One of the things that mystifies me about how hospitality businesses operate is the lies they tell when they are closing down, selling up or moving on. The ‘closed for renovations, reopening soon’ signs are sometimes genuine (in other words, they failed a council hygiene inspection and were forced to close pending the installation of new equipment) but more often than not they are fake news without an obvious purpose.
On 10 May on Facebook the owners of Shifty Chevre posted ‘It’s our last raclette Wednesday!’ Hmm. Why is it the last one? On 11 May they posted on Instagram and Facebook ‘We would like to invite all our regulars for our big farewell party this Sunday’. Followers interpreted this as meaning that the business was closing, so the clarification was made that ‘Most of our dear staff members are moving onto new adventures so we want to make sure our regulars get to say proper goodbyes!’
So you’re not closing? Nothing to see here, move along please. Nonetheless I was suspicious. I’ve seen similar early warning signs like this often enough. After that they were closed, and silent for 10 days. On 19 May the excuses for the unexpected and unexplained closure started: on Facebook they said ‘We are unfortunately dealing with urgent maintenance works therefore we will not be open to public this weekend!’ Oh really?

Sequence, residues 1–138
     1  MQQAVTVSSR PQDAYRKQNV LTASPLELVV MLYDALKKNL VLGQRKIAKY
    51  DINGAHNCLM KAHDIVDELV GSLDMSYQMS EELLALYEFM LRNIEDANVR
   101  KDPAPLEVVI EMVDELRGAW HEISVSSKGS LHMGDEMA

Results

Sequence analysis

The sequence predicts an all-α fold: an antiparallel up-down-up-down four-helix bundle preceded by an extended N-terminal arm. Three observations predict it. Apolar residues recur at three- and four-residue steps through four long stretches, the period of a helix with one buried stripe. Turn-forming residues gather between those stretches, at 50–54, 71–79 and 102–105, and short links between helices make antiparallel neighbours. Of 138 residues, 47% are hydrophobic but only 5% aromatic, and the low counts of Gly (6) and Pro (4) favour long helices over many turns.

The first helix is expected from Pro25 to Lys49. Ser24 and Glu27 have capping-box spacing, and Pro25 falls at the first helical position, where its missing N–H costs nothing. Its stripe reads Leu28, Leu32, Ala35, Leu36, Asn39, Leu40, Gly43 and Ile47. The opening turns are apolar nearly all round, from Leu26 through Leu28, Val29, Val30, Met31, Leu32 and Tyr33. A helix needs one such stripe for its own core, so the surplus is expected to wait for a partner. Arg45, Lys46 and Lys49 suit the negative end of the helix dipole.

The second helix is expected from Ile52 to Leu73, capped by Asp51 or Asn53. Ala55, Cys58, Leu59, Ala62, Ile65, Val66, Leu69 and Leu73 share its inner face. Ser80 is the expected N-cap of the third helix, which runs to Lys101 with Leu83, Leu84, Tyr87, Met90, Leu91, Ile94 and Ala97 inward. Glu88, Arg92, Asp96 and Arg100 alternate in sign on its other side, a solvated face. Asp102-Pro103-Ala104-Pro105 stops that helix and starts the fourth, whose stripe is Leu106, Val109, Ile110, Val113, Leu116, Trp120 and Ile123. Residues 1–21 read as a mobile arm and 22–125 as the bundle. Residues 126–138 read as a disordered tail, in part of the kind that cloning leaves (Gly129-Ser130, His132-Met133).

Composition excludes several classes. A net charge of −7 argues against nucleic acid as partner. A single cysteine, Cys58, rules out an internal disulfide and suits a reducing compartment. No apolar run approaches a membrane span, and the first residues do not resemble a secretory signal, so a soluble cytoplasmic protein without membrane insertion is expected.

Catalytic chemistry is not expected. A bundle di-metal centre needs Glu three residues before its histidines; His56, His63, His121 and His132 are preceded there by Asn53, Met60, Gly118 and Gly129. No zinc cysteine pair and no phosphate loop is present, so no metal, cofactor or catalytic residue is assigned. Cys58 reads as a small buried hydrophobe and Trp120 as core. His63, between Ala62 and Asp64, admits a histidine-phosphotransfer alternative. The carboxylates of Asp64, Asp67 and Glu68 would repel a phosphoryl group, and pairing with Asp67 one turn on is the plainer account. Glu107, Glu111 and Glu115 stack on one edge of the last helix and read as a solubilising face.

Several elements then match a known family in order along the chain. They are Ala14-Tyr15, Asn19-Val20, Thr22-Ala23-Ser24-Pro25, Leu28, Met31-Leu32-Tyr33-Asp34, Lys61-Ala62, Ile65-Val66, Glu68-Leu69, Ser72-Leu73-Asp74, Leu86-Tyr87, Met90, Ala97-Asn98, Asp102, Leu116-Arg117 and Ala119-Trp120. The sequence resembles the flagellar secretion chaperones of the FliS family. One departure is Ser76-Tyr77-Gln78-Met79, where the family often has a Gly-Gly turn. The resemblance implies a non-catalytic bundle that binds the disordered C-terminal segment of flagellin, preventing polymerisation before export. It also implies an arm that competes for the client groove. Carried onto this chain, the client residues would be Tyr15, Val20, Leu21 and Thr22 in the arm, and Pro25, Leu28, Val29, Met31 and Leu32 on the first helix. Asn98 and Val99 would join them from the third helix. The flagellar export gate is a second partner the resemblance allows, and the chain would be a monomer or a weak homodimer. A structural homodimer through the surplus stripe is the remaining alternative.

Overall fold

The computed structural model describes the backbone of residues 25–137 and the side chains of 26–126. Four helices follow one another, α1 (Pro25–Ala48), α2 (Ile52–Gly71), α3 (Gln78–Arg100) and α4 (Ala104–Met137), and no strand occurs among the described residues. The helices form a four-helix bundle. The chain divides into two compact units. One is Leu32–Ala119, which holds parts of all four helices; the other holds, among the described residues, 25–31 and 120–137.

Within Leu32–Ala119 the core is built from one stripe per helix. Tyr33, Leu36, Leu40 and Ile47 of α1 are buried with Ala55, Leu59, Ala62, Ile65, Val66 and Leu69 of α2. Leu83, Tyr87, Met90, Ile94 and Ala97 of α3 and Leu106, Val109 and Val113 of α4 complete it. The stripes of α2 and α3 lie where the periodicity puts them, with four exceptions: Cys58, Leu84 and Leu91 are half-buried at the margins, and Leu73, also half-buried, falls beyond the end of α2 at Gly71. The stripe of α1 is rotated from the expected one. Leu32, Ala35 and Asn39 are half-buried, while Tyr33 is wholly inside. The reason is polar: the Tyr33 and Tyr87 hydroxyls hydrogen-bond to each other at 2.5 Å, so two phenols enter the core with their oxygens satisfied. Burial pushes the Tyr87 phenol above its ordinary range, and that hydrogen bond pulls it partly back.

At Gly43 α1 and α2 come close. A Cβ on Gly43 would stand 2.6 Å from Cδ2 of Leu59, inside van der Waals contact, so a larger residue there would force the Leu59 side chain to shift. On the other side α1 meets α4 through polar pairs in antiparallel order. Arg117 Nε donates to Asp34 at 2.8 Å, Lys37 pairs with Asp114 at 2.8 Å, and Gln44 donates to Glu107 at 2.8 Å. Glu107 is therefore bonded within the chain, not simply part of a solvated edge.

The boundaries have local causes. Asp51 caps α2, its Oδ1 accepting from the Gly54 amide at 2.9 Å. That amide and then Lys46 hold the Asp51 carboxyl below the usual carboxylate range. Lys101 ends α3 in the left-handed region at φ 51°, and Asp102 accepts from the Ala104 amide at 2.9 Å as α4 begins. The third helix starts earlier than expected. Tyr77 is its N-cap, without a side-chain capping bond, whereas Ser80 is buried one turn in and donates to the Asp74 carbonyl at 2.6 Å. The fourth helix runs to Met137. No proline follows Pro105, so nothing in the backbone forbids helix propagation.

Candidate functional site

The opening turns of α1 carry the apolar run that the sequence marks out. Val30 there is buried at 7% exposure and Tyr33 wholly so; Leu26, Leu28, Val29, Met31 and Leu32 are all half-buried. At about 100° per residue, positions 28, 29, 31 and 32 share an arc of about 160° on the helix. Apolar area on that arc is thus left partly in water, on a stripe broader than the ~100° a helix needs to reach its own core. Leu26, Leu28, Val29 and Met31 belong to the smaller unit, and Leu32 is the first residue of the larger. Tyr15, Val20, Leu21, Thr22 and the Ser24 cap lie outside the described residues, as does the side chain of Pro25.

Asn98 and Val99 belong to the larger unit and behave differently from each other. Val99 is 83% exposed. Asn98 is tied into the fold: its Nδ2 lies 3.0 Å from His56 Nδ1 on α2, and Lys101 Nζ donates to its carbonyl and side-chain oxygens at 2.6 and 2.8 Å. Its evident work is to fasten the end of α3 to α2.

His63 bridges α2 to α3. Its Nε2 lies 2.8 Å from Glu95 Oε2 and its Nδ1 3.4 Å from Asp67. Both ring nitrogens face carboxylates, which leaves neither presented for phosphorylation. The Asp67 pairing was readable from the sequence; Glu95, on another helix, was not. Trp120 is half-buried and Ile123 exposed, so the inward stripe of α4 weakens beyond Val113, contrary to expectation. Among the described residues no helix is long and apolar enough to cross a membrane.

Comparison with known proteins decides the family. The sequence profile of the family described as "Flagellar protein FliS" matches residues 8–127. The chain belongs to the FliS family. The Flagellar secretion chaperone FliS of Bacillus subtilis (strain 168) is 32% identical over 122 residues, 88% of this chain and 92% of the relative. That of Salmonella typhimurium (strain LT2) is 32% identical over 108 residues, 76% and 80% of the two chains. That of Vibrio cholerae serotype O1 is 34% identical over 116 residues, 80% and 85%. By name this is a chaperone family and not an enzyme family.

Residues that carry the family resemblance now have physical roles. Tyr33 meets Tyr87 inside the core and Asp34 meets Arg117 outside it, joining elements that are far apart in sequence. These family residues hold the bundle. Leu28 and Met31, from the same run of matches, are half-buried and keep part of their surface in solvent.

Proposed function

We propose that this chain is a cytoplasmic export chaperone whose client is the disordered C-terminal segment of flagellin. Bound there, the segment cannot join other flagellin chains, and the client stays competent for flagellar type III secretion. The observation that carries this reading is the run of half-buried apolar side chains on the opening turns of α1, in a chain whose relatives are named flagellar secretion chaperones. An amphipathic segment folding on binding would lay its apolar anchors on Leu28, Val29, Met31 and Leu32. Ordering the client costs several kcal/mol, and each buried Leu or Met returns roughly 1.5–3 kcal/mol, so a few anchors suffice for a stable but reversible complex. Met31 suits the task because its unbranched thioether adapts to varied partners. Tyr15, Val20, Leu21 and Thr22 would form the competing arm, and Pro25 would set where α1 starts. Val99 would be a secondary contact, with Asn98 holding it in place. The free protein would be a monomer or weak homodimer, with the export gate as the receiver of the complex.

They remained closed the following week, the menu was removed from beside the entrance and the cheese cabinet in the window was emptied. Finally an (almost) honest statement was made on 29 May: ‘To all our beloved customers, thank you for your support and patronage. We have now officially signed out of Shifty Chevre and passed on the reins to new owners.’
If you’re handing over a going concern to new owners the transition can be seamless to customers. This may be a handover of the premises, but it is obviously also a closure of the business, which the departing owners never acknowledged.
Is openly admitting the business is closing too much like an admission of failure? In hindsight my comments in April this year about their pricing and presumed prosperity sound ingenuous; it is likely the departure had already been negotiated by then.
Shifty Chevre opened in December 2014 and lasted about two and half years, and now there is no cheese. They join a list of favoured places that came and went far too quickly: Juanita’s, B’Stilla Cantina, Le Cellier and La Condesa.